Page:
For the next year, the Army sent home mementos of Gary. The purple heart, commendations, letters from officers… it seemed like it would never end. But eventually life went back to normal, except for every Chrismas, when we knew Gary would never be there to get another gift, or on his birthday, or during fishing season, or just about anytime something came along that Gary would have enjoyed.

The following year I married my high school sweetheart and he went to Vietnam three weeks after our wedding. The things he saw and had to endure were too much for him, and he is on disability from the horrors he witnessed while "in country." Michael J. Fox made a movie, "Casualties of War." From the things my now-ex told me of what he saw over there, that movie is the most realistic portrayal of the war – even more so than the Oliver J. Stone movies.

When Vietnam ended, the government's powers-that-be said we would never involve ourselves in such a travesty again. Since then, we've been to the Middle East several times, all small reflections of Vietnam, and now we are at it again.

The Bush administration is taking a lot of flak, more each day, for the mess we've gotten ourselves into over there in Iraq. And while more soldiers are dying everyday for the defeat of Al Qaeda, Al Qaeda is happily bombing wherever it wants, and laughing at us all the way. And you still can't convince me Saddam Hussein had much to do with Al Qaeda.

So why do we have Veteran's Day, anyway? Well, it goes way back to 1918, where people like my Uncle Clyde fought for freedom. It's official recognition says it was "the end of the first modern global conflict, World War I."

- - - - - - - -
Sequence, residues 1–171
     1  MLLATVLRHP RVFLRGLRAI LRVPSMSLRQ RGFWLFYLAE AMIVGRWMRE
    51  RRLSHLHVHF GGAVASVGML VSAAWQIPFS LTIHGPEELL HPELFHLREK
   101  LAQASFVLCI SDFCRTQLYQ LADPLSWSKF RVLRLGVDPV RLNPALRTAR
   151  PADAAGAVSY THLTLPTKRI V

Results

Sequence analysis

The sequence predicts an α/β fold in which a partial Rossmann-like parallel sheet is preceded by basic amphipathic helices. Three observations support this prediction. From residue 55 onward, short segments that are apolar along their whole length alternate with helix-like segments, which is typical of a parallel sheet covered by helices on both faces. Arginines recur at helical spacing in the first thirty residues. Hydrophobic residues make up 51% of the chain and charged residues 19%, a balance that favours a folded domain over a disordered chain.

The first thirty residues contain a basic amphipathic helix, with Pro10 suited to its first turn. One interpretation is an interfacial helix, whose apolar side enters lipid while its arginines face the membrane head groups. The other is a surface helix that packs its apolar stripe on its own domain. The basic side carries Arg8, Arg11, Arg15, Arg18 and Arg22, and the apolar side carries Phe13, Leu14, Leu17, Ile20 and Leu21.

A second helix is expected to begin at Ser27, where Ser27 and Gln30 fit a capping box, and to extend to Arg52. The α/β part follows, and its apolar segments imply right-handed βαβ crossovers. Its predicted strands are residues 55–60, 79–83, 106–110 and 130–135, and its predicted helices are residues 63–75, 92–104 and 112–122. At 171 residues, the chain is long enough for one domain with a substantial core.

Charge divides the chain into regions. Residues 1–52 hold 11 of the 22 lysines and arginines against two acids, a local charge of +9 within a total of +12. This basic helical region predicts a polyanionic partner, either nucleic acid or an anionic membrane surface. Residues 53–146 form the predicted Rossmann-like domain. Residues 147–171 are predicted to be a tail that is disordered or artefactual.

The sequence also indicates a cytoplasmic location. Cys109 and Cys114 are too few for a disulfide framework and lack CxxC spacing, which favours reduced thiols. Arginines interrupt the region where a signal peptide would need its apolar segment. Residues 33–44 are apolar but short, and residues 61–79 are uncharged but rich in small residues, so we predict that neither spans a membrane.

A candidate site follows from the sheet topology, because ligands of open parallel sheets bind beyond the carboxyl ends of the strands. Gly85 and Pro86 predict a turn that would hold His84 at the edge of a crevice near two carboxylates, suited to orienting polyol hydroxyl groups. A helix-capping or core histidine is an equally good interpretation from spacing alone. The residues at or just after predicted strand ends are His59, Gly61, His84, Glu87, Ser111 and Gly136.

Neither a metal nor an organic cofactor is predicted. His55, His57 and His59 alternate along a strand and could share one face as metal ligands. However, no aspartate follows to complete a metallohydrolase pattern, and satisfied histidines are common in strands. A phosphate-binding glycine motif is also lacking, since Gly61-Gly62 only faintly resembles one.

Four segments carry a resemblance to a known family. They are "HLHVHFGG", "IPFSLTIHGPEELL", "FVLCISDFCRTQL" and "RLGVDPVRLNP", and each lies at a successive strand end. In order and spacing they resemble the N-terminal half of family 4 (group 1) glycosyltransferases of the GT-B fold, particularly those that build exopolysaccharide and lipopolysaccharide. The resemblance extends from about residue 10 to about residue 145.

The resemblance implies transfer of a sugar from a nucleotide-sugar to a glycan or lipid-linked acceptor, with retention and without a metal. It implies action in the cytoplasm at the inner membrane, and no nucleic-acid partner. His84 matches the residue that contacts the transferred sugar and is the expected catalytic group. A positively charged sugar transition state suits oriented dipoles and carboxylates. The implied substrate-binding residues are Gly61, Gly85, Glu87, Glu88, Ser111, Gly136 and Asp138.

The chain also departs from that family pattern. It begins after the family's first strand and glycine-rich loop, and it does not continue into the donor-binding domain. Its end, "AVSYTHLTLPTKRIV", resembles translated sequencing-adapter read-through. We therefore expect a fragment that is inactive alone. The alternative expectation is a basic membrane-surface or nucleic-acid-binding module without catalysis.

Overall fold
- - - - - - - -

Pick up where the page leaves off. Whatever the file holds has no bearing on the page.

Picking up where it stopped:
On June 4, 1926, Congress enacted this resolution:

WHEREAS the 11th of November 1918, marked the cessation of the most destructive, sanguinary, and far reaching war in human annals and the resumption by the people of the United States of peaceful relations with other nations, which we hope may never again be severed, and

WHEREAS it is fitting that the recurring anniversary of this date should be commemorated with thanksgiving and prayer and exercises designed to perpetuate peace through good will and mutual understanding between nations; and

WHEREAS the legislatures of twenty-seven of our States have already declared November 11 to be a legal holiday: Therefore be it Resolved by the Senate (the House of Representatives concurring), That the President of the United States is requested to issue a proclamation calling upon the officials to display the flag of the United States on all Government buildings on November 11 and inviting the people of the United States to observe the day in schools and churches, or other suitable places, with appropriate ceremonies of friendly relations with all other peoples."

An Act (52 Stat. 351; 5 U. S. Code, Sec. 87a) approved the 11th of November in each year a legal holiday - according to Congress "a day to be dedicated to the cause of world peace and to be hereafter celebrated and known as Armistice Day."

Armistice Day was primarily a day set aside to honor veterans of World War I, but in 1954, after World War II had utilized the greatest mobilization of soldiers, sailors, marines and airmen in the Nation's history to date; and then after American forces had fought in Korea, the 83rd Congress, at the urging of the veterans service organizations, amended the Act of 1938 by striking out the word "Armistice" and inserting in lieu thereof the word "Veterans." With the approval of this legislation (Public Law 380) on June 1, 1954, November 11th became a day to honor American veterans of all wars.

What a shame it couldn't have ended there. To the living Veterans of World War I (are there any left?), World War II and the Korean War, I salute you. To the veterans of Vietnam and all the Middle East wars, I salute you and say, "I'm so sorry." If only the government could say the same.

Townsend can be reached at avie@niagarabuzz.com.

© Copyright NiagaraBuzz.com